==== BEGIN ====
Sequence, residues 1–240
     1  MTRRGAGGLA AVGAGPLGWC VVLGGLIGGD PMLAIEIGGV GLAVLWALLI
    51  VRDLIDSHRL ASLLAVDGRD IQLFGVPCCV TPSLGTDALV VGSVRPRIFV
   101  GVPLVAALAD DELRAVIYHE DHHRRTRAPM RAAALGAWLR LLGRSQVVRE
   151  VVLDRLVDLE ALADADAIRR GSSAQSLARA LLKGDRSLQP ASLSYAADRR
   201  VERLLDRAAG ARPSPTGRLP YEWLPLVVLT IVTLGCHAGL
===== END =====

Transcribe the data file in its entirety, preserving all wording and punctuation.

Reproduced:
Sequence, residues 1–240
     1  MTRRGAGGLA AVGAGPLGWC VVLGGLIGGD PMLAIEIGGV GLAVLWALLI
    51  VRDLIDSHRL ASLLAVDGRD IQLFGVPCCV TPSLGTDALV VGSVRPRIFV
   101  GVPLVAALAD DELRAVIYHE DHHRRTRAPM RAAALGAWLR LLGRSQVVRE
   151  VVLDRLVDLE ALADADAIRR GSSAQSLARA LLKGDRSLQP ASLSYAADRR
   201  VERLLDRAAG ARPSPTGRLP YEWLPLVVLT IVTLGCHAGL